The ability of four proline-arginine-rich peptides (PR-39 [SEQ ID No. 1], Bac5 [SEQ ID No. 7], Bac7 [SEQ ID No. 9], and C7 [SEQ ID No. 10]) to decrease oxidase activity in whole neutrophils was tested. In these experiments, superoxide anion production by neutrophils was determined by the superoxide dismutase-inhibitable reduction of ferricytochrome c.
Four samples were prepared for each animal: (1) neutrophils (1×106 cells) in Hanks' balanced salt solution (HBSS; without phenol red) mixed with 100 μl (80 μM) of ferricytochrome c, 10 μl (0.1 μg) phorbol myristate acetate (PMA), and 100 μl (300 U) of superoxide dismutase (SOD); (2) cells treated with ferricytochrome c only; (3) cells treated with ferricytochrome c and PMA; and (4) cells treated with ferricytochrome c and SOD. The mixtures were incubated at 39° C. for 20 min. and then centrifuged at 4° C. (350×g) for 5 min. Cell-free supernatant (200 μl) was transferred to flat-bottom 96-well plates, and OD was read at 550 nm using HBSS as the blank. Production of superoxide anion was calculated using the following formula: OD of [(3+4)-(1+2)]×190.5=nm superoxide/1 ×106 cells/20 min.
As shown in FIGS. 7 and 8, all peptides tested inhibited neutrophil oxidase activity at concentrations ranging from 5-10 μM. These data indicate that oxidase inhibition is a widely held property of cationic, proline-rich peptides, and that this class of compounds are useful agents in the prevention of disease states that result from inappropriate neutrophil oxidase activity, such as reperfusion injury.
PR-39 (SEQ ID No. 1) was also tested in a cell other than neutrophils, namely bovine pulmonary artery endothelial (BPAE) cells. In these cells, membrane depolarization induced by high K+ treatment results in the production of superoxide anion by an endothelial NADPH oxidase enzyme that may be similar to the oxidase found in neutrophils. In these experiments, cultured BPAE cells were loaded with an oxidation-sensitive dye, dichlorodihydrofluorescein, then treated with high K+, plus or minus PR-39 (SEQ ID No. 1) or PR-26 (SEQ ID No. 2), for 30 min. Cells were then scraped, pelleted, washed, and sonicated. Fluorescence of the supernatant was then measured to assess superoxide production. FIG. 9 shows that both PR-39 (SEQ ID No. 1) and PR-26 (SEQ ID No. 2) (10 μM) decrease oxidase activity in pulmonary endothelium.
The possibility that basic, proline-rich peptides might interfere with reperfusion injury by mechanisms other than through NADPH oxidase blockade was also investigated. In order for neutrophils to inflict post-reperfusion inflammatory tissue damage, they must first adhere to vascular endothelium, then migrate into tissues, where oxidative lesions occur. Neutrophil attachment and migration during reperfusion induced inflammation are mediated by a number of different compounds released by target tissues; among these compounds is the phospholipid metabolite, platelet activating factor (PAF).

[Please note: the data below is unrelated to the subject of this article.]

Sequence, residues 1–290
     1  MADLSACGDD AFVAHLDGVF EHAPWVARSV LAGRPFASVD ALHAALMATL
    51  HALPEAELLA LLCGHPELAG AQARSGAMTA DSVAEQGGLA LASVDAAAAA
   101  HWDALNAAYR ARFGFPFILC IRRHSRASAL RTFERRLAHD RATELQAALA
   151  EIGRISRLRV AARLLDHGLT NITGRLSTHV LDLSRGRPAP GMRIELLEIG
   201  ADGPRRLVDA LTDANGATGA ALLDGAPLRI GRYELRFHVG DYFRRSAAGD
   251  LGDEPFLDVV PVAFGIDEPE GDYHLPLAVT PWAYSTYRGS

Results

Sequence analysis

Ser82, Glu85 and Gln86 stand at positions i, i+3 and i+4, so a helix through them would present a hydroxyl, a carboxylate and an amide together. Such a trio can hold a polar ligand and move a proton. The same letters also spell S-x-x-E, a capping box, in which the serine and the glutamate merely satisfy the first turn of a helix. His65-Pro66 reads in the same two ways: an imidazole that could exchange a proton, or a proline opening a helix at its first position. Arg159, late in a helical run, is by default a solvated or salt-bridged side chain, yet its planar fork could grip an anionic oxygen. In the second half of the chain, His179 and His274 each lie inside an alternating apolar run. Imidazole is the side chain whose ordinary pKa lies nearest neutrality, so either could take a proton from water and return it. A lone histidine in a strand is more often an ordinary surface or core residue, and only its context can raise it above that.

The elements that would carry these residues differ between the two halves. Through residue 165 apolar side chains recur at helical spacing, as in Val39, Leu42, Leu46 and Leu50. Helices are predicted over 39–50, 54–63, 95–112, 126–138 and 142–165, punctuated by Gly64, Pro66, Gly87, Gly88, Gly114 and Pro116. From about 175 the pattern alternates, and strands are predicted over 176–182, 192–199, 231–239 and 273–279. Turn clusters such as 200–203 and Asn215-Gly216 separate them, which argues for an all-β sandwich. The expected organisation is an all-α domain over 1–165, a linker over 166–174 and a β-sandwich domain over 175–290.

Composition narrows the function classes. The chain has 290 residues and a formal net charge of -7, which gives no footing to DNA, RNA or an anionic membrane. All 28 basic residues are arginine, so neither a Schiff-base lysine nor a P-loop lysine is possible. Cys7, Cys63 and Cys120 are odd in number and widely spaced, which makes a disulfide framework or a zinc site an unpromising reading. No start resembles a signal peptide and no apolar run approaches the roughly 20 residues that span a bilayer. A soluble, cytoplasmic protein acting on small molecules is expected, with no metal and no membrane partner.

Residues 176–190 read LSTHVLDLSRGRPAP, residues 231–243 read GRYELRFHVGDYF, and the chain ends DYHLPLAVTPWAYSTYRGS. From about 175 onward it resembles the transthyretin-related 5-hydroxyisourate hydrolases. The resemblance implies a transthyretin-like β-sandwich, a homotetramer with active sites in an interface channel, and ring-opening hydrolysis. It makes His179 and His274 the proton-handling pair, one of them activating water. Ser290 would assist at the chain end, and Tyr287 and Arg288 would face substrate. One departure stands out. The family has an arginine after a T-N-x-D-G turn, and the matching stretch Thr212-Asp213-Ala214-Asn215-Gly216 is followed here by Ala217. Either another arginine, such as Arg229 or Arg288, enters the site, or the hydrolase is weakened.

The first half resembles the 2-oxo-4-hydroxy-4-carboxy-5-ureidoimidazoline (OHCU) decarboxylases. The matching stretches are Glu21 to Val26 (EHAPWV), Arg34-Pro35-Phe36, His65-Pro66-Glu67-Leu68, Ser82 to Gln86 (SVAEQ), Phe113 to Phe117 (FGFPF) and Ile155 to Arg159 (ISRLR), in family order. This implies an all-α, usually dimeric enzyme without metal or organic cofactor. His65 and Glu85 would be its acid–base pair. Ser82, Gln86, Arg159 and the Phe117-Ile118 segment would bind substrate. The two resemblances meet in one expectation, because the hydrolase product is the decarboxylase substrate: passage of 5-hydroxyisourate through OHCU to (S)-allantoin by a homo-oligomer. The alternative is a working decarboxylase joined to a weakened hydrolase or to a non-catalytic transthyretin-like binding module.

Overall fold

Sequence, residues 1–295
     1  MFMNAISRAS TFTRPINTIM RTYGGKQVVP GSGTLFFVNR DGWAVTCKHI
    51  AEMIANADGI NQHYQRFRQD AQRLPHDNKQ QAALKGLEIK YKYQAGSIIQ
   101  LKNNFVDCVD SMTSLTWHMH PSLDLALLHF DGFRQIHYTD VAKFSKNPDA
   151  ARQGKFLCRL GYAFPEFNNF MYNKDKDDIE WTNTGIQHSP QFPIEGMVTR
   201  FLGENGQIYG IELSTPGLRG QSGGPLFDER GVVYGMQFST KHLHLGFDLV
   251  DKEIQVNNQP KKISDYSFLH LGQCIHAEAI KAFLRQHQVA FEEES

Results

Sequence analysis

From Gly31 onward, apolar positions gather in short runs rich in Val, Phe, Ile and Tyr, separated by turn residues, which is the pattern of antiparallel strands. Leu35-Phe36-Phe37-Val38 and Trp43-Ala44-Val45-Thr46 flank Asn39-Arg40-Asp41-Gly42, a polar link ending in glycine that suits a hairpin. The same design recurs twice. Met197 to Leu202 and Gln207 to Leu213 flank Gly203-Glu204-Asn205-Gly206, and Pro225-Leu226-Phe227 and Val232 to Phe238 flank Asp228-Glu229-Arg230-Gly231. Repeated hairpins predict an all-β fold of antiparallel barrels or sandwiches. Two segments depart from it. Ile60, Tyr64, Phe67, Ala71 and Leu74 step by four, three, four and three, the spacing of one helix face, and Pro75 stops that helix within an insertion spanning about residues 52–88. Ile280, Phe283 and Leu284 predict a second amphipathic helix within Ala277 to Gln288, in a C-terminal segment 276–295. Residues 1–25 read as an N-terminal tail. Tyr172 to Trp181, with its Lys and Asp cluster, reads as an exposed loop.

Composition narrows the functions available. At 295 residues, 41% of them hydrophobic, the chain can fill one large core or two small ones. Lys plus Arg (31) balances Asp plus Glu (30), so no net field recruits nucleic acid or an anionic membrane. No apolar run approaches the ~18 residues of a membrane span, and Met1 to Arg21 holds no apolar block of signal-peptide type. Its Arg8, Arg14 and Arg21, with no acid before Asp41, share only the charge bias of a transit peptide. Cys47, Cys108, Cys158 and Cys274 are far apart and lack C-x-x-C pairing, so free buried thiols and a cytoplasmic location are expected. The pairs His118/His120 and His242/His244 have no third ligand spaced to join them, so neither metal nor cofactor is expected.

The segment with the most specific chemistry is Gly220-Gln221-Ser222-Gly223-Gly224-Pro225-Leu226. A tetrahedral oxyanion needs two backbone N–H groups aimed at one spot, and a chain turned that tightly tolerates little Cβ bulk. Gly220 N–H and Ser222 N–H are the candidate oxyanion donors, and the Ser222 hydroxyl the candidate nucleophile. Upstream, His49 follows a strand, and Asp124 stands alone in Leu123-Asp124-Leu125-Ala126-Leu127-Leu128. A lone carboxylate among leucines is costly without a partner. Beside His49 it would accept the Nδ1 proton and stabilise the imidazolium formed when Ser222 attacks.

A microchemotaxis assay was used to examine the effect of PR-39 (SEQ ID No. 1) and another basic, PXXP-containing antimicrobial peptide, Bac5 (SEQ ID No. 7), on neutrophil chemotaxis alone and in combination. Whole blood was obtained from 250-350 g Sprague-Dawley rats by terminal cardiac puncture into acid citrate dextrose solution. Neutrophils were isolated by dextran sedimentation, followed by density-gradient centrifugation and hypotonic lysis to remove contaminating erythrocytes. Micropore filters (5 μM-pore polycarbonate membrane) were used to separate the lower and upper chambers of the microchemotaxis chamber. Attractants to be tested were diluted in RPMI medium and added (35 μl) to the lower wells of the chamber; 50 μl of the cell suspension (5×106 cells/μl) was added to the upper chamber. Chambers were placed in a humidified atmosphere of 5% CO2 in air at 37° C. for 40 min. Cells on the underside of the filters were fixed, stained, and counted using high-power brightfield microscopy. For each sample, four test wells containing chemoattractant were used. The total number of neutrophils in five fields was counted for each well. All results are expressed as a chemotaxis index defined as the number of cells migrating in response to RPMI alone.
Results of these studies are shown in FIG. 10. It is apparent that although PAF and PR-39 (SEQ ID No. 1) are chemotactic for neutrophils when examined alone, all three are capable of acting as inhibitors of the others when examined in combination.